By John Addison (12/22/07)
Amaranth Advisors is a hedge fund that keeps making front page news. It is trying to explain to investors how it lost $5 billion in one week betting that natural gas prices would rise. Gas prices fell. $5 billion is gone. Amaranth Advisors is a hedge fund with a trader who forgot to hedge.
The bet could have gone the other way. One good hurricane to disrupt supplies would have spiked prices upward, as would an early cold weather snap to fire up millions of heaters. The bad bet is understandable. In the long term, natural gas prices are likely to return to prices at the start of this year, double what they are now.
Natural gas is likely to become the number one source of energy globally, surpassing current number one – oil. Natural gas is the fuel of choice for modern electric power plants, being cleaner than coal.
Natural gas helps achieve energy independence because it is not refined from oil. Over 90% of the natural gas used in the USA is from North America. Natural gas burns cleaner than gasoline, ethanol and biodiesel. Natural gas is popular with cities and other fleets with low-emission programs. The next time you take a taxi at an airport, it may be running on natural gas. These vehicles get priority at airports.
Natural gas is about 90% methane; the molecule is CH4. The molecule is four hydrogen atoms and one carbon. Natural gas is primarily hydrogen. In fact, most early adapters of hydrogen vehicles are natural gas fleet owners. Most vehicles use compressed natural gas (CNG). Heavy trucks that need more fuel for long distance may use liquid natural gas (LNG). It is expensive to keep natural gas so cold that it stays in liquid form, so CNG is the most popular approach.
There are about ten million natural gas vehicles in operation globally. There are about 150,000 natural gas vehicles in the USA. These vehicles consume 238 million gasoline gallon equivalents. That amount has doubled in only five years. CNG vehicles are popular in fleets that carry lots of people: buses, shuttles and taxis.
Natural gas prices have not been increasing at the speed of gasoline and diesel prices. The fuel price advantage is causing some to switch to CNG. Diesel vehicles are getting more expensive with tough 2007 emission standards. Some diesel makers state that EPA 2010 emissions are impossible. These statements are scaring some to switch to CNG. The federal government offers tax credits up to $40,000 for large natural gas vehicles, creating an added incentive.
Some governments are going beyond incentives and mandating the use of CNG. Seoul, Korea, plans to allow only buses that run on CNG, beginning in 2010. The measure is intended to reduce pollution. Currently, 2,798 of Seoul’s 7,766 registered city buses are CNG buses, and the rest are diesel-powered vehicles.
Since 1993, LAWA has been buying vehicles which reduce smog-forming emissions and which reduce greenhouse gases. LAWA now has 490 alternate-fuel vehicles at the four airports which it operates – LAX, Ontario International, Palmdale and Van Nuys. At LAWA, I met with Dave Waldner, Alternative Fuels Fleet Manager, who has been reducing emissions for over 13 years. He explained that early success started with compressed natural gas (CNG) in vehicles in 1993. Then liquid natural gas (LNG) was used in transit buses. LNG provided for longer-range than CNG. With oil prices increasing over 50% annually, CNG has proved to lower fuel cost. LAWA has secured very favorable long-term contracts, paying a little over $3.00 per thousand cubic feet of natural gas. CNG is also available to the many independent fleet operators and individuals using airports. LAWA encourages independent operators to use clean vehicles that use CNG and hydrogen. Clean Energy operates public CNG stations at LAX and Ontario.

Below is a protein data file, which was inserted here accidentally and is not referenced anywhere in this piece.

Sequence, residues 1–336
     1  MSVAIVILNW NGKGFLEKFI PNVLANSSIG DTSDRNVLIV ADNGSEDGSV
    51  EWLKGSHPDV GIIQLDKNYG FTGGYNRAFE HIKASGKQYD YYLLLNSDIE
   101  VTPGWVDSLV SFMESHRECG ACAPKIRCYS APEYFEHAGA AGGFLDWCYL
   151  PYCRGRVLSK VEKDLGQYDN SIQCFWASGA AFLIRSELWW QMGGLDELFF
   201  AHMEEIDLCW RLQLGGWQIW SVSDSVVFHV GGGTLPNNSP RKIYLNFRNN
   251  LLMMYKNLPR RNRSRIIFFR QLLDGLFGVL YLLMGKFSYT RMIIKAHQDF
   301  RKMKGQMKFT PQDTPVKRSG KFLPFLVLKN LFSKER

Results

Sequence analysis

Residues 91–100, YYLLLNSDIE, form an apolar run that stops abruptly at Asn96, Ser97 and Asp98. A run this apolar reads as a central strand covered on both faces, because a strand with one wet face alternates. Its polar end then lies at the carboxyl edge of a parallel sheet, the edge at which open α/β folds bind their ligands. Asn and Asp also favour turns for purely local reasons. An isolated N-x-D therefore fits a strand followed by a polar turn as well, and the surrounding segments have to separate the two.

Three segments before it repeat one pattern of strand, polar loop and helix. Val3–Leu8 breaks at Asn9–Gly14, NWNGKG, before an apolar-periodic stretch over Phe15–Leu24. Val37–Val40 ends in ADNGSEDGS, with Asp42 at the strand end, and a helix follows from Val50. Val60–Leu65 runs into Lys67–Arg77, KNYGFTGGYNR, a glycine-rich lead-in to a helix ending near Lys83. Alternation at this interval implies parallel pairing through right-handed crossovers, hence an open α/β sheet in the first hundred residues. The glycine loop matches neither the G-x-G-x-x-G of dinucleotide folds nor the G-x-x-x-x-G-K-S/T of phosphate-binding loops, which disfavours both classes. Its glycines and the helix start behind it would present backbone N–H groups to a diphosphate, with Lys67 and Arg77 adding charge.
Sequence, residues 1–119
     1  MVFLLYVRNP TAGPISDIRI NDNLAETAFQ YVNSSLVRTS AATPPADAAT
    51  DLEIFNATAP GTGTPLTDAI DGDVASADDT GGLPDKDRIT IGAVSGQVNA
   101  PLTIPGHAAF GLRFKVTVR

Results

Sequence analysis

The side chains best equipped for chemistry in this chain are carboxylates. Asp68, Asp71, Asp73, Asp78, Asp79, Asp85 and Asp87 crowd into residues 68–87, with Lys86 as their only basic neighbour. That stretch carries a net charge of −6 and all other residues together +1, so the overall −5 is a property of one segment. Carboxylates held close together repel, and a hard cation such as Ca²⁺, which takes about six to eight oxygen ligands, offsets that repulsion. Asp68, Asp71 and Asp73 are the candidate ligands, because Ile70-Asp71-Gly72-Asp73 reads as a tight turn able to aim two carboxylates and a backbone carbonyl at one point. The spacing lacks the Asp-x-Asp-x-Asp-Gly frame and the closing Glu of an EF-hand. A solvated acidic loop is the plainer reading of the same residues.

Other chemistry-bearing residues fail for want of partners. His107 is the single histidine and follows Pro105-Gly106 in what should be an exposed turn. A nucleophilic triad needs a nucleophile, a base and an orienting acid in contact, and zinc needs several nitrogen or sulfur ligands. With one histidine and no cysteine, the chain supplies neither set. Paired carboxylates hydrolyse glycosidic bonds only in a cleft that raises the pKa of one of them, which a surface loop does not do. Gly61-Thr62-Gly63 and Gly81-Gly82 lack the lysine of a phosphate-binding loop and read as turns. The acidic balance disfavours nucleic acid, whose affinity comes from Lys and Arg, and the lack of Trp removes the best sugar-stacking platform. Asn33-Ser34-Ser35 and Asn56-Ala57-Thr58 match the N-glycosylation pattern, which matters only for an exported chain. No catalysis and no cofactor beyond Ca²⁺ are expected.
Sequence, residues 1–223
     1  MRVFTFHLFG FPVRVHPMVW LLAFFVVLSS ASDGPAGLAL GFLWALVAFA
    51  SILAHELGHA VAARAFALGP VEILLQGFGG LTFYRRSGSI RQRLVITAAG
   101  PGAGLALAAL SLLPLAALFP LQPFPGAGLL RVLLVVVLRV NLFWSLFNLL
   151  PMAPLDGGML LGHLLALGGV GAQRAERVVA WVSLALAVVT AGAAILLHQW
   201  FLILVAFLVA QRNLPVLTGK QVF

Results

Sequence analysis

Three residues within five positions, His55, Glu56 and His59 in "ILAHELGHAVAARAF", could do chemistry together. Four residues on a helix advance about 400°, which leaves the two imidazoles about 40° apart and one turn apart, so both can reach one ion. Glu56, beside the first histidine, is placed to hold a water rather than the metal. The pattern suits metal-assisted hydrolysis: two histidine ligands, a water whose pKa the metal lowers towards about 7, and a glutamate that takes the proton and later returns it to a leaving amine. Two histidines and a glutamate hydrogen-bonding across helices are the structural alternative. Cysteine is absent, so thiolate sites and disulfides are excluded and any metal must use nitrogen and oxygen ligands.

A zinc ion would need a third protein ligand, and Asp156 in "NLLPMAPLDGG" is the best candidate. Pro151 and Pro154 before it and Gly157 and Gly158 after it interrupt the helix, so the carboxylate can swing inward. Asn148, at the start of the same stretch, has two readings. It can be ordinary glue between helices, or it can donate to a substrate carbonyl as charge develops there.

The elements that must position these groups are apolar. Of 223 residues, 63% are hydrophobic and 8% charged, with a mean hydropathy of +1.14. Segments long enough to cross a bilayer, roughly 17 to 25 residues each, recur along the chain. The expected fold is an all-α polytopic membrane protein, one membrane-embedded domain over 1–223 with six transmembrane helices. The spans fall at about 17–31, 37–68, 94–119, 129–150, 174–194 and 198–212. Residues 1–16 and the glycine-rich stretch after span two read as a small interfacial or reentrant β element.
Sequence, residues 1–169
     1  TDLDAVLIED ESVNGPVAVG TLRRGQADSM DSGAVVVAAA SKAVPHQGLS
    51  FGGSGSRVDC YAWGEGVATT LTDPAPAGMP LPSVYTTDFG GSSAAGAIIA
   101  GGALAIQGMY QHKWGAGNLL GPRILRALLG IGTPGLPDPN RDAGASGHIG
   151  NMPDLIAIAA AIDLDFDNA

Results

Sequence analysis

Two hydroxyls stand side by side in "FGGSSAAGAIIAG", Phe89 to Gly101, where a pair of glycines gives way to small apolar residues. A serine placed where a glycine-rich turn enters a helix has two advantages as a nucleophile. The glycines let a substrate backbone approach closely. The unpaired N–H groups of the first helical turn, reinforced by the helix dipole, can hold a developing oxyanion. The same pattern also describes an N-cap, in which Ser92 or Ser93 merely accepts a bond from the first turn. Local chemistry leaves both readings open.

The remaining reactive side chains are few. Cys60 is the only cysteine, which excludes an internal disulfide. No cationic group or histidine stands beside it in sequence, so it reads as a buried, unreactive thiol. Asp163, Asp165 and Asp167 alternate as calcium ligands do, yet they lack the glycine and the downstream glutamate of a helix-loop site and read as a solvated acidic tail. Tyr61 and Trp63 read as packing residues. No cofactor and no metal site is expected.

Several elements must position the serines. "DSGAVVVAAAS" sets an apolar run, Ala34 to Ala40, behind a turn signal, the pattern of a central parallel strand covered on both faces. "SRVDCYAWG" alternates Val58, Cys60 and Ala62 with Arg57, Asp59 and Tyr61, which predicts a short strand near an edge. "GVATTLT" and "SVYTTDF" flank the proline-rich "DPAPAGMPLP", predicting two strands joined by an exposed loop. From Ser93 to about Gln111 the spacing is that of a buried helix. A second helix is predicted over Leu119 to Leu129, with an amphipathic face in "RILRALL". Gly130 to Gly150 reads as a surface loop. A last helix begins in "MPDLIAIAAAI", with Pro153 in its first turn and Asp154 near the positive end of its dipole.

Taxi fleets were early adopters of CNG. They received the strong revenue incentive of getting first priority in passenger pick-ups. They also receive a tax credit of $6,000 per CNG vehicle. There were 156,000 taxis operating in the United States in 2004, less than 2% of these vehicles were natural gas vehicles. The growth opportunity is substantial.
It has not been easy for many other early adopters of CNG vehicles. Individual automobile owners painfully experienced different fueling stations using incompatible pressures and nozzles. Fleet managers spent millions building new facilities to meet fire and safety standards. Heavy CNG vehicles often lack the acceleration and range of their diesel counterparts. Storage makes the vehicles weigh more. In hot weather fills can be slow. Fleet managers have faced hundreds of angry riders, when their natural gas was not delivered as scheduled. Natural gas prices fluctuate dramatically, making long range budgeting difficult.
Several of these problems have been resolved. There are now nozzle and pressure standards. There are more CNG stations and they are easy to find on maps and the Internet. Storage tanks are lighter, reducing the extra vehicle weight and improving performance.
Natural gas is not a panacea. To deal with our climate crisis and free us from depending on oil, many see the answer in a portfolio of energy sources rather than one “silver bullet.” The portfolio could include electricity, next generation biofuels, hydrogen and natural gas.